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If you're reading this, you likely saw that today, January 18, Public Knowledge has "gone dark" in protest of the proposals in the PROTECT IP Act (PIPA) and the Stop Online Piracy Act (SOPA). And it's not just tech advocacy organizations like us, the Center for Democracy and Technology, and others taking this action. Major Internet communities like Wikipedia, the Internet Archive, BoingBoing, and reddit have also blacked out their web pages. Other groups reliant upon the Internet, though not often directly involved in copyright fights, like Reporters Without Borders and Global Voices are doing this as well. Google has jumped into the ring with a message on its home page about the bills. And individuals from Buddy Roemer to Peter Gabriel are blacking out their sites, too. A thorough (but by no means comprehensive) list of blacked-out sites is here.
The massive online protest reflects a huge and still-growing anger that these overbroad and Internet-jeopardizing bills have been allowed to progress this far, with objections to them being disregarded or minimized. The blackouts are meant to represent to the world the threat of legitimate sites being blocked by these laws.
Critics might claim that the most censorship-like provisions of PIPA and SOPA, the DNS filtering provisions, are going to be removed from the bills, and that the blackout is therefore a lot of noise for nothing. But they're wrong. As an initial matter, all we have regarding the removal of the DNS provisions are some press releases. What any new text will look like is still unknown. In fact, you could read Senator Leahy's press release on the issue as saying that DNS blocking will remain in PIPA, just with a built-in delay subject to a government study of the issue. Representative Smith's press release likewise might represent a removal of DNS blocking, but then, the blocking provisions in it now were formerly characterized as "voluntary," which they are only in the most hair-splittingly technical of senses.
But more importantly, people are still upset about other provisions in the bills. And more than that, they're generally angry at the thought that Congress could get this far along this path without accounting for the voices of their Internet-using constituents. To have already signed petitions, called and emailed Congress, and be told that their opinions don't matter, or were astroturf, is tantamount to being told that they don't exist.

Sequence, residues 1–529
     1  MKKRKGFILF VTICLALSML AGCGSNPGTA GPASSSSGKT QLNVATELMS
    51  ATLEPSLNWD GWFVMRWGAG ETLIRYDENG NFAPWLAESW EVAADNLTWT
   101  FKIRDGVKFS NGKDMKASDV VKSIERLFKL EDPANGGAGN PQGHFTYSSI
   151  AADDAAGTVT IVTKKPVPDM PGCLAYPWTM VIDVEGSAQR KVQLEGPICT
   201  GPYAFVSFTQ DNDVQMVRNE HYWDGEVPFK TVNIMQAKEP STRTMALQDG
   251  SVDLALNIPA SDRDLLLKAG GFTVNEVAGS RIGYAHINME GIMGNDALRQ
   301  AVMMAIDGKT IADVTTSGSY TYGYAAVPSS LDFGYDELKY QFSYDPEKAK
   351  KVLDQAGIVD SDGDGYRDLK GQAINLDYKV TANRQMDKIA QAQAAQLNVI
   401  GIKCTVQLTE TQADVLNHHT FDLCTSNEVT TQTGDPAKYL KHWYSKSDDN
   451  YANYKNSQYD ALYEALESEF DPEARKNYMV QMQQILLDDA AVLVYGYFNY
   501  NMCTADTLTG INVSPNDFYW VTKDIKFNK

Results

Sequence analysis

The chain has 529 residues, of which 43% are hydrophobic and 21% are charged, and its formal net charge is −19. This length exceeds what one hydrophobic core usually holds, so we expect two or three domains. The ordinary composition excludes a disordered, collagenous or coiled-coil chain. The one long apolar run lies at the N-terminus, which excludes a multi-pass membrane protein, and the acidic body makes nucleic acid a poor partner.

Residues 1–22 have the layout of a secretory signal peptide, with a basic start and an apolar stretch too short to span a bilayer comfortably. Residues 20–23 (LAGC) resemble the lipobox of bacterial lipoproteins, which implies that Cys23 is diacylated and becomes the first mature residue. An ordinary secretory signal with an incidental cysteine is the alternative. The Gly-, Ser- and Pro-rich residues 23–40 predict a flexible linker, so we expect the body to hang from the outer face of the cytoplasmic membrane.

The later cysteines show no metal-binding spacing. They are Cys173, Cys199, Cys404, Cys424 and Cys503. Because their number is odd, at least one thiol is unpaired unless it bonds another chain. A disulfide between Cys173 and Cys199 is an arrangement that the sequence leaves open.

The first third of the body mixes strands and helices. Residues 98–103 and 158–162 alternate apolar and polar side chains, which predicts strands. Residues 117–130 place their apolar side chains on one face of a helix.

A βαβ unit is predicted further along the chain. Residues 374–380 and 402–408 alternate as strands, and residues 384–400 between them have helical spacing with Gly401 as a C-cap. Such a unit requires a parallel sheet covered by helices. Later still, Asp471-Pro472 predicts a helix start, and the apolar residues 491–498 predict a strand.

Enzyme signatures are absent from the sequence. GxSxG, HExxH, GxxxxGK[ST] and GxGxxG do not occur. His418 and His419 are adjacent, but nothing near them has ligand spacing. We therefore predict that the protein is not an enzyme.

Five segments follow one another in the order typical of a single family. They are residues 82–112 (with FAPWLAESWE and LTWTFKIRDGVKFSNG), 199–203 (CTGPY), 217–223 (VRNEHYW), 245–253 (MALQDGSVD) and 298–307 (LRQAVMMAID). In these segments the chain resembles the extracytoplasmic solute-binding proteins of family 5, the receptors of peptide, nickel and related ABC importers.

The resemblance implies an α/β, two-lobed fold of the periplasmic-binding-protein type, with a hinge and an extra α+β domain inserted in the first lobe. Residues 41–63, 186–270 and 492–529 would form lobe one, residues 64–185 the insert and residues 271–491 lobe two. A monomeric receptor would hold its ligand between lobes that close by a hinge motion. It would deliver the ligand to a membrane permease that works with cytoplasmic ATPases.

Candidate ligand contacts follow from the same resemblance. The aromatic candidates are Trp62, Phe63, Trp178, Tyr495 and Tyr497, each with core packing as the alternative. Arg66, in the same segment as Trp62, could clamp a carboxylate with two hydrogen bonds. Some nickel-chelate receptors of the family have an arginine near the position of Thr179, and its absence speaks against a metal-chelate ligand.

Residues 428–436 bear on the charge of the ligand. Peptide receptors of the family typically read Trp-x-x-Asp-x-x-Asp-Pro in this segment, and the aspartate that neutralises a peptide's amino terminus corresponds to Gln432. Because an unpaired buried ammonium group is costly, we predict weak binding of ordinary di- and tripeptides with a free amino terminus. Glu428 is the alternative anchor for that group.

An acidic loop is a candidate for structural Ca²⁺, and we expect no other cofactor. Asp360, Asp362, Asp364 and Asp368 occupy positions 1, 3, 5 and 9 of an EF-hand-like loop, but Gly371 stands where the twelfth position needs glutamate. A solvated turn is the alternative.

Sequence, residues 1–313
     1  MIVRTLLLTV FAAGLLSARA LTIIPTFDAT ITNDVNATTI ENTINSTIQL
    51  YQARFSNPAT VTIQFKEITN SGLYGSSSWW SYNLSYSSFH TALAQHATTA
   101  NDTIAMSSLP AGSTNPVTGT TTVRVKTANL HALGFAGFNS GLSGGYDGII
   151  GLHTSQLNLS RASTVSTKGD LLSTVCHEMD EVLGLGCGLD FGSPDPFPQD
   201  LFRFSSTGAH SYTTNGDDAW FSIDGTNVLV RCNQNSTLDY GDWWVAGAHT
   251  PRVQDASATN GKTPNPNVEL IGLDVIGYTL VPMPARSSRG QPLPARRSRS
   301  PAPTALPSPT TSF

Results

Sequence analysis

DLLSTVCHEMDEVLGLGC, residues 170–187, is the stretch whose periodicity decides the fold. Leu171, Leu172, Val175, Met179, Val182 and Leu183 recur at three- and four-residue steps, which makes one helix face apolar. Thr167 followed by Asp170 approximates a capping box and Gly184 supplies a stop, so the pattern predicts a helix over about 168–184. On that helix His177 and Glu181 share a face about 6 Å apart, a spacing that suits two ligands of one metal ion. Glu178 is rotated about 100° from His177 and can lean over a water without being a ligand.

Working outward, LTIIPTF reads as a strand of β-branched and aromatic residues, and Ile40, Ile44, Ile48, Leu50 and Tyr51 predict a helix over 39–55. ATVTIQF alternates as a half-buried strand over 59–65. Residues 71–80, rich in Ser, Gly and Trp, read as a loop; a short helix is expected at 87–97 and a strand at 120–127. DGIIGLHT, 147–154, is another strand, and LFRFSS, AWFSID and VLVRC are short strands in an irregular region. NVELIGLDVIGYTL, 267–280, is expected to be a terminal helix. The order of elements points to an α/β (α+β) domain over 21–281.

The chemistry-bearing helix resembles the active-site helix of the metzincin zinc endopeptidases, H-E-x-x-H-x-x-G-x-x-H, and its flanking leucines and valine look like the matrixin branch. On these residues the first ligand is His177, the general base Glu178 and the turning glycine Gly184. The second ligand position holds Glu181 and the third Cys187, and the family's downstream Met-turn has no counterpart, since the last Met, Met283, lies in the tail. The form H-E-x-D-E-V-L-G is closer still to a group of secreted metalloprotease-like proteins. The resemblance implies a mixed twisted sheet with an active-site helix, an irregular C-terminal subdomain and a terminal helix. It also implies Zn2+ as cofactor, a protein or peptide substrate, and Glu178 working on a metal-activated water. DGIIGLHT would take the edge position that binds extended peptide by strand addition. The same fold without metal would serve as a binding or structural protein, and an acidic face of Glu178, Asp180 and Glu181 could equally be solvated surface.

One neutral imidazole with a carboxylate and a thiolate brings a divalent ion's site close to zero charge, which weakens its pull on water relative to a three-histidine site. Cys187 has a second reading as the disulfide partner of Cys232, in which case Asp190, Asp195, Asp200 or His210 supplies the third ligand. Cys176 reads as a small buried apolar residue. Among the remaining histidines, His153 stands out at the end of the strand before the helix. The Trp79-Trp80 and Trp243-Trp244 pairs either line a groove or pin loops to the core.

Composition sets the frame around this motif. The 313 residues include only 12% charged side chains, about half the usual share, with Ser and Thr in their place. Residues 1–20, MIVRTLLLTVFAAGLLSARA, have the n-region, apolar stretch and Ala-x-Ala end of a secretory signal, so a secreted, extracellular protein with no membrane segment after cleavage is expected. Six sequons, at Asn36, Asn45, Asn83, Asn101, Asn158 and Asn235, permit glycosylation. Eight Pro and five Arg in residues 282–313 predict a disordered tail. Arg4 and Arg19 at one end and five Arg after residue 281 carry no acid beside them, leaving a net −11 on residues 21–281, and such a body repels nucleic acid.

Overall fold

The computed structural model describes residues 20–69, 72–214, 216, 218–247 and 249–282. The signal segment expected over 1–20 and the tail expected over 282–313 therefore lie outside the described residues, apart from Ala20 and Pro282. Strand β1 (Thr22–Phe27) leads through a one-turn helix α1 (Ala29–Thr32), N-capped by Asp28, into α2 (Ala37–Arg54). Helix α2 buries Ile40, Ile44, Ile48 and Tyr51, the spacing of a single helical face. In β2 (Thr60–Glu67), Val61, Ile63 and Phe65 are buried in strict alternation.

And yet they do. Regardless of what might be proposed in the next few weeks for these bills, the fact that anything as outright ludicrous as the originally-introduced SOPA even got introduced has demonstrated to Internet users that Congress wasn't taking the Internet seriously, and was willing to blunder blindly into making specific technological mandates for systems it did not understand. The volume and fury of the popular anger against these bills isn't just (or even mostly) about the overbroad definition of "information location tool" in Section 2(4) of PIPA or the incorporation of "enable or facilitate" by reference (through 18 U.S.C. §2319 and )18 U.S.C. §2323) in section 102(a)(2)(A) of PIPA. It's about Congress and a few industry lobbyists presuming that Internet users are a strange little niche, and that they can fumble crudely with the laws, norms, and principles that underpin the Internet as we know it without voters getting upset. These blackouts demonstrate otherwise—that Internet users aren't a minor subset of the voting populace any more than telephone users or postal customers are. The Internet is the public, and it's not going to be ignored any more.